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Streaming Ahead

15 Jun, 2015 By: Stephanie Prange

Netflix’s growth stepped into high gear in recent weeks, as its streaming model continued to take up a bigger chunk of online traffic, span the globe and spawn competitors.  When even Apple, the most valuable company in the world, decides to get into streaming music after years as the download leader, it seems Netflix is no longer just a very successful video distributor, but is in the vanguard of entertainment consumption. Apple is facing its own form of Netflix competition in low-cost or no-cost streaming services such as Spotify. Thus, the company has decided to expand into the access-to-music model, which is growing more than its download-ownership model. Subscription streaming service Apple Music will launch in 100 countries this month. After a three-month trial, it will cost $9.99 a month, or $14.99 for a family plan for up to six people.

While the music industry doesn’t always model the video business, it certainly has some similarities.  One similarity with the Netflix service is that shorter-form content is more conducive to streaming. A TV episode in a series is like the song on an album, a quick fix of entertainment. Thus, Netflix seems to be a bigger threat to the TV business than to the theatrical market. Case in point: Netflix executives have said episodic content represents 70% of viewing. Even so, despite its overwhelmingly episodic focus, Netflix made a big move in the film realm, signing Brad Pitt’s War Machine to be streamed to its subscribers at the same time it is released theatrically in 2016. Maybe Netflix will make its mark in longer form entertainment as well.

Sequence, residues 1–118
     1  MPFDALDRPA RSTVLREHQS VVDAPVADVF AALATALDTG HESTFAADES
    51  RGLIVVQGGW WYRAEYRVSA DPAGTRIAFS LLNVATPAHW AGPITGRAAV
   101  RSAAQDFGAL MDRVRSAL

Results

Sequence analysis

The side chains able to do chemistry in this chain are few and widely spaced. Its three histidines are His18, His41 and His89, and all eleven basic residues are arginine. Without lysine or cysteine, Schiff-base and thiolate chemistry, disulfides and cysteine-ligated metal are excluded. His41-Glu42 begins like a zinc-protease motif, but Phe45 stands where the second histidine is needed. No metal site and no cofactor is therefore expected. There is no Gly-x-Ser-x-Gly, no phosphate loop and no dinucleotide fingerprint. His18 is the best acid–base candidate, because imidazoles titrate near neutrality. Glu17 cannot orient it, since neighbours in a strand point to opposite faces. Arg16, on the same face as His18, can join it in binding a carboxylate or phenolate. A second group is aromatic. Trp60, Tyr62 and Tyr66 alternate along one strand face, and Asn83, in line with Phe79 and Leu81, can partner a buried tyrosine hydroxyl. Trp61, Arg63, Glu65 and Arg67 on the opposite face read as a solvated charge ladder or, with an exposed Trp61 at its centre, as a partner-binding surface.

While OTT streaming services led by Netflix are certainly making headlines, I think there will always be a market for ownership. Humans like to collect things. Witness any of the attendees that pack the show floor at Comic-con. Whole series, such as HBO’s “The Sopranos” set or my personal favorite “Buffy the Vampire Slayer,” will always be collectible. As serialized programming, these shows are like long films true fans will want to revisit long after the shows cycle off streaming services such as Netflix.

So while Netflix may be streaming ahead, that doesn’t mean ownership won’t be an important part of the entertainment business for years to come.

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